DIP sockets

DIP sockets are popular for allowing convenient experimentation with different opamps. However, I am wondering if there is any objective loss as opposed a soldered PDIP opamp? It would seem likely that solder joints would be objectively superior to the friction joints into the sockets... and thus have a potential difference in performance or SQ. Has anyone tested this?
 
Round hole sockets ("turned pins") are usually much fussier about pin alignment, and are higher profile, I avoid them, standard sort work fine in my experience. They have a sharp edge to dig into the IC pin and make a good connection - at least the first few times - they are not designed for many mating cycles (use a ZIF socket for that).

The extra few mm of pin length isn't something to worry about with analog audio ICs - if it did matter then SMT is probably the best approach anyway, which are much easier to rework anyway (given a hot-air rework station).
 
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Donning my fireproof underwear-
Long ago there was a study of IC sockets. Round machined contacts didn't do as well as double leaf flat contacts. Not hard to believe when you look at the construction details. Next, gold only had benefits when both pin and socket are gold flashed. Otherwise you're better off with like materials. So for most of us, the plain jane double leaf contact is the better choice. I'd love to find that study again. Might have been a magazine or it might have been an IC manufacturer.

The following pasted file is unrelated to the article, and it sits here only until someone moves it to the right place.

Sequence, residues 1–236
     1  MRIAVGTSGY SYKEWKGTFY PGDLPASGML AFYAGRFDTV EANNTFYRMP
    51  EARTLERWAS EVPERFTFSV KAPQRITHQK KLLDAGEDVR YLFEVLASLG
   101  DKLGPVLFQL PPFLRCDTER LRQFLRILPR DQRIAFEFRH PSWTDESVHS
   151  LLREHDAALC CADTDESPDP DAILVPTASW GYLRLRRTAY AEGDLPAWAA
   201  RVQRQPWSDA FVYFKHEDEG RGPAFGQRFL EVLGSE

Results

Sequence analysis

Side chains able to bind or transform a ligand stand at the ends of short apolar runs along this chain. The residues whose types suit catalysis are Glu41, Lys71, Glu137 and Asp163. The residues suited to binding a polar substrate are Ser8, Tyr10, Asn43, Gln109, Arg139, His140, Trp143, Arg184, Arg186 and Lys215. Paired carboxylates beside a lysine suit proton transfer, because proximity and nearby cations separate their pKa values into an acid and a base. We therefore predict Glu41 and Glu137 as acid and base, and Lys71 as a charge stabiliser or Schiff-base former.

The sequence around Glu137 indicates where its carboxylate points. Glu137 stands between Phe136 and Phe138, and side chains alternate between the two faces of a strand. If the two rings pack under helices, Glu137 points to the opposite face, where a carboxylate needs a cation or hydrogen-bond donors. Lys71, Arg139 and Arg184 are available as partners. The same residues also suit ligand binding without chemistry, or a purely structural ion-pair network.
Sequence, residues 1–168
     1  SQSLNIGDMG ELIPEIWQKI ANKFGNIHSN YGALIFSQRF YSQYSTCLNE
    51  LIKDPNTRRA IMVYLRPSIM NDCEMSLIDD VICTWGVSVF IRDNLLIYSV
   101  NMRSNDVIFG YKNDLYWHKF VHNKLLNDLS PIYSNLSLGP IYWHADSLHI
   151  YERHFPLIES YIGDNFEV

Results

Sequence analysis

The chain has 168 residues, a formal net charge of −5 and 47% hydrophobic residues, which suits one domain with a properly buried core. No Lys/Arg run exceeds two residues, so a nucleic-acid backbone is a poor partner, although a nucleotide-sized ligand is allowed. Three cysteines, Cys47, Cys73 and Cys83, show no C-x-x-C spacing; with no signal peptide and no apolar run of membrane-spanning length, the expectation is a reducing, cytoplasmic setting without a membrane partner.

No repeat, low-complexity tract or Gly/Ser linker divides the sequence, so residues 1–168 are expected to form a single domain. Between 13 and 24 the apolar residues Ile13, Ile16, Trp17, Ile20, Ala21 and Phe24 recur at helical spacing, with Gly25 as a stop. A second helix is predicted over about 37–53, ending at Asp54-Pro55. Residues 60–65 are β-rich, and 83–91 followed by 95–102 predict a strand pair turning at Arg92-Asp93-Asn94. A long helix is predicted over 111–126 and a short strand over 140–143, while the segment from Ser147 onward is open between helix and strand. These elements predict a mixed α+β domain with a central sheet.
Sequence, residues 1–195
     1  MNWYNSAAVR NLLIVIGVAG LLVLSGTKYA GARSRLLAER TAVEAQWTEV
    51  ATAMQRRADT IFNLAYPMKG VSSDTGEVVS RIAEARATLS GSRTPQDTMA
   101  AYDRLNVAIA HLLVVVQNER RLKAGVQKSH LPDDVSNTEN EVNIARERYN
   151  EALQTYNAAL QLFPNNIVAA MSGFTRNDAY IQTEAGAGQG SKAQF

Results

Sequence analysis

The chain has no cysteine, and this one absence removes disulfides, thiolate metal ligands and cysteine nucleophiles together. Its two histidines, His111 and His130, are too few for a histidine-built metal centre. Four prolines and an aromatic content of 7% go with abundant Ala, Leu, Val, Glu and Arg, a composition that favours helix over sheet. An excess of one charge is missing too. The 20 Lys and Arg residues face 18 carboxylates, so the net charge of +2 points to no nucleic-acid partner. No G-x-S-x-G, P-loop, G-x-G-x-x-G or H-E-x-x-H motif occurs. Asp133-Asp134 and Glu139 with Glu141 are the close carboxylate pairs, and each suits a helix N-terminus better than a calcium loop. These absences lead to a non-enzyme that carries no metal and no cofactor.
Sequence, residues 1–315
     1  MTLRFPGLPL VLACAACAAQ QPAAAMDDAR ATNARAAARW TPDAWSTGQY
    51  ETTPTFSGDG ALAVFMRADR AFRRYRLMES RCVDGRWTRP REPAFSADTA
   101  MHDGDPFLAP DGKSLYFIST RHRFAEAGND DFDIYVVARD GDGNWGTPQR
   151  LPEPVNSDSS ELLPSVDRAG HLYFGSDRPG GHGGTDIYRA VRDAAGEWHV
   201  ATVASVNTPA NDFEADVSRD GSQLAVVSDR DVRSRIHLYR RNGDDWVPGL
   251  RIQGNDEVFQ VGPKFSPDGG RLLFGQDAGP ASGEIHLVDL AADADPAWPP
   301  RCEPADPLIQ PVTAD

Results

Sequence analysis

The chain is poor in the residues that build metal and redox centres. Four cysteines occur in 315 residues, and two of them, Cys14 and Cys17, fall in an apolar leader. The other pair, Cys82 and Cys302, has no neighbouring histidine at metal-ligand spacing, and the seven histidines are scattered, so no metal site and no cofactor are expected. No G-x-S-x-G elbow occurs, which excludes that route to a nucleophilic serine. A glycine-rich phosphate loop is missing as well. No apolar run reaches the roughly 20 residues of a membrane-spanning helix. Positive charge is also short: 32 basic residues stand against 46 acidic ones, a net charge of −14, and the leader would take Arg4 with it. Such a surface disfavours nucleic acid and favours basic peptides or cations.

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The socket will add a bit of inductance due to the added lead length. That'll matter for RF but not much for audio. Do note that some "audio" opamps have gain at RF frequencies, though.

I've used many, many LM4562 opamps in sockets. It's a 55 MHz part. I've never been able to measure any difference in circuit performance with/without the socket.

Having the parts socketed greatly simplifies debugging because you can pull the part. That's why I specify sockets in all my DIY projects.

Tom
 
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